The last two New Jerseyans to be in serious contention for the presidency were Bill Bradley in 2000 and Steve Forbes in 1996 and 2000. Bradley, who served in the U.S. Senate from 1979 to 1997, passed on a chance to run in 1988 and lost his place in line after nearly losing his seat to Christine Todd Whitman in 1990. Al Gore beat him 50%-46% in the 2000 New Hampshire Democratic primary, and Bradley dropped out after losing nineteen consecutive primaries to the sitting vice president.
Forbes spent $75 million of his own money in his two bids for the GOP presidential nomination. He won the Arizona and Delaware primaries in 1996, and his 2000 campaign fizzled out early after finishing a distant third in early primaries behind George W. Bush and John McCain.
Republican U.S. Sen. Clifford Case ran in the 1968 New Jersey presidential primary as a favorite son – some though as a stalking horse for New York Gov. Nelson Rockefeller — but 18 of his 40 delegates bolted on the first ballot after a group of GOP leaders led by Nelson Gross decided to back Richard Nixon for the nomination.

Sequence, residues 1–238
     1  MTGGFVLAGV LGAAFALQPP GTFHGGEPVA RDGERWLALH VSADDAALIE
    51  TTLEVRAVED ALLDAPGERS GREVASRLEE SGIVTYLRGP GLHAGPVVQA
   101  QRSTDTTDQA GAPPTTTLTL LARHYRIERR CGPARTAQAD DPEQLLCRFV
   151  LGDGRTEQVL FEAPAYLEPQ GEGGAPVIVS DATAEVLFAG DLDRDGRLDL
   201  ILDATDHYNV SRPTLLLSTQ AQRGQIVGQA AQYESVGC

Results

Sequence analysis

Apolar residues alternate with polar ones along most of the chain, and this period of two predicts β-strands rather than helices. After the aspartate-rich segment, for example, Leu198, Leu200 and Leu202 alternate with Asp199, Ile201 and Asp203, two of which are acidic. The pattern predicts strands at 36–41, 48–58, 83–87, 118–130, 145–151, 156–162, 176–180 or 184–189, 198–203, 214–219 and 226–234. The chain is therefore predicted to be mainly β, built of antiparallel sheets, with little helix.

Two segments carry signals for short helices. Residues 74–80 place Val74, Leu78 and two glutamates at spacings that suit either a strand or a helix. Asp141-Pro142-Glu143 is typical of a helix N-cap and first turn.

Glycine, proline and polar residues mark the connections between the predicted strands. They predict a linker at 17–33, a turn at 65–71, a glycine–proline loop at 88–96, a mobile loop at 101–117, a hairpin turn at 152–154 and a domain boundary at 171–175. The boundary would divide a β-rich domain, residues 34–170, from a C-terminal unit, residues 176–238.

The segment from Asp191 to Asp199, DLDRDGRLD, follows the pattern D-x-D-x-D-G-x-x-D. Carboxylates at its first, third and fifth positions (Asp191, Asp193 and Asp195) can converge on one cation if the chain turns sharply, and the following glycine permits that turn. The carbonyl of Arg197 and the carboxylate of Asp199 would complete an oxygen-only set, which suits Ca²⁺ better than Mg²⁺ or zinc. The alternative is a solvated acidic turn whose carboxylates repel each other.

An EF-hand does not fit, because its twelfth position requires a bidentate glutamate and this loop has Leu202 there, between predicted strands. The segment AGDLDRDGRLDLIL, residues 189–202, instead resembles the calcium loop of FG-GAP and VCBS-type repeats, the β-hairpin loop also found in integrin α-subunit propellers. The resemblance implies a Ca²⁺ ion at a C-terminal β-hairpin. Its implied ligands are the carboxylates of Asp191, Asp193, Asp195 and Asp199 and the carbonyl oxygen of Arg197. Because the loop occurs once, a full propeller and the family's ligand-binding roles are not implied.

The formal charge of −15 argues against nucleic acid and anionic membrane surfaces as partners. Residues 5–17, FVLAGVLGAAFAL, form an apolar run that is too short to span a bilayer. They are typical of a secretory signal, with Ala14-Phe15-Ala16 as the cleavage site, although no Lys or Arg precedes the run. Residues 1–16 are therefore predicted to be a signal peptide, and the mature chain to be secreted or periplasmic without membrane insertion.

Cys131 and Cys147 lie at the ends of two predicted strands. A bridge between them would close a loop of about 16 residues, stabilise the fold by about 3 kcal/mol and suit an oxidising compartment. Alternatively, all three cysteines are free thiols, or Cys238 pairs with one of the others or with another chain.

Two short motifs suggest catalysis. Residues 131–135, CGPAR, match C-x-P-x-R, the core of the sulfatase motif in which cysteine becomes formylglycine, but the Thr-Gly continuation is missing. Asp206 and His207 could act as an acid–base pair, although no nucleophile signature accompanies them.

Gov. Robert Meyner gave serious consideration to a presidential candidacy in 1960, announcing three months before the Democratic National Convention that he was available to be drafted for the nomination if party leaders were unable to agree on a candidate. Meyner was nominated at the convention by U.S. Sen. Harrison Williams and won the support of 43 delegates, including all 41 from New Jersey, despite considerable speculation that as many as 35 New Jersey delegates were prepared to abandon the sitting governor and back John F. Kennedy for the nomination.
All 35 New Jersey delegates to the 1948 Republican National Convention voted for favorite son Gov. Alfred Driscoll on the first ballot; 24 delegates switched to New York Gov. Thomas Dewey on the second ballot.
When Gov. Woodrow Wilson sought the Democratic presidential nomination in 1912, he had the backing of 24 of the 28 delegates from New Jersey.